The handset is built around a nice 6.6-inch OLED panel with a small centered punch-hole for the front-facing camera. It supports a refresh rate of up to 120Hz, but there are no additional HDR certifications. Full HD playback in Netflix is possible as Widevine L1 is supported, though. Resolution is standard - 1080 x 2400px.
We got solid readings in our tests - the Moto G82's display can go up to 496 nits in manual mode, while strong ambient light in auto mode can boost that to 690 nits. That's more than enough for comfortable outdoor use on a bright sunny day, making the G82 with one of the brightest displays around.
|Display test||100% brightness|
Color accuracy isn't great in the default color mode, but the Natural preset brings down average dE2000 to just 1.2 while maximum dE2000 is 2.2. No blue-ish whites and no unnecessarily boosted colors. Excellent result right there.
The HRR control is pretty simple, and there are three refresh rate modes - 60Hz, 120Hz and Auto. Their names are pretty self-explanatory, but we recommend using the Auto one. The implementation is very simple, yet effective - if you touch the display, it will boost the refresh rate to 120Hz, and if you are not interacting with the phone, it will dial down to 60Hz. In most apps we tried, the display runs at 120Hz.
The Moto G82 has a generous 5,000 mAh battery and an energy-efficient Snapdragon 695 SoC on board. The OLED panel also helps preserve energy in certain scenarios, so battery life is expectedly excellent. The Moto aced all of our tests, whether screen-on or screen-off, no matter the scenario. An overall endurance score of 130 hours is an impressive feat.
Our battery tests were automated thanks to SmartViser, using its viSerDevice app. The endurance rating denotes how long the battery charge will last you if you use the device for an hour of telephony, web browsing, and video playback daily. More details can be found here.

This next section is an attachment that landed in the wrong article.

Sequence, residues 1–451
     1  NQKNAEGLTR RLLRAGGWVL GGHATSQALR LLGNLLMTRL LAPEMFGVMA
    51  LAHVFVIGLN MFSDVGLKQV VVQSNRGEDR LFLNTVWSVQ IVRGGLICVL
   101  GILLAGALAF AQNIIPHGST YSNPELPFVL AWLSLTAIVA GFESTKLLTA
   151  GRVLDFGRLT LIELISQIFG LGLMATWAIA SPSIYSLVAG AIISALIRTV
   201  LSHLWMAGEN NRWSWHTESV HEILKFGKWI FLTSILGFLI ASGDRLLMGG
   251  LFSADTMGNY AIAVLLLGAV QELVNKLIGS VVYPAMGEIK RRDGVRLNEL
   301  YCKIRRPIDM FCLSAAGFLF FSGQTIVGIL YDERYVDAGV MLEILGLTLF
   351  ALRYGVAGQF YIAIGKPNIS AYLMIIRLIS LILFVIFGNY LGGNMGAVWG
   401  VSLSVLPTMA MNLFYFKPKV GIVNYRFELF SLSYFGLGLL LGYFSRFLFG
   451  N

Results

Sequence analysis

The Snapdragon 695 is known for producing phones with great battery life, and the Moto G82 is among the best in this regard.
Video test carried out in 60Hz refresh rate mode. Web browsing test done at the display's highest refresh rate whenever possible. Refer to the respective reviews for specifics. To adjust the endurance rating formula to match your own usage patterns check out our all-time battery test results chart where you can also find all phones we've tested.
The device relies on the included 33W charger in the box, but the charging speed caps at 30W. The 5,000 mAh battery takes 1 hour and 15 minutes to fully charge from 0%, while а 30-minute charging gives you 57% of the juice back. It's not the fastest one around, but it's decent enough.
Higher is better
Lower is better
As usual, that's faster than Samsung's contenders, while the Realmes tend to offer faster charging in the same price category.
The Moto offers a set of stereo speakers - one at the bottom, as usual, and one that doubles as an earpiece. Understandably, the latter isn't as loud as the bottom one. Overall, the loudness is pretty good, though. The Moto G82 got -26.4 LUFS in our tests.
Quality-wise, the setup isn't impressive, but it ain't bad either. The sound is relatively clean, highs and mids have minimal distortion at high volume, but the bass seems to be lacking. Tracks without pronounced bass sound rather flat.
Use the Playback controls to listen to the phone sample recordings (best use headphones). We measure the average loudness of the speakers in LUFS. A lower absolute value means a louder sound. A look at the frequency response chart will tell you how far off the ideal "0db" flat line is the reproduction of the bass, treble, and mid frequencies. You can add more phones to compare how they differ. The scores and ratings are not comparable with our older loudspeaker test. Learn more about how we test here.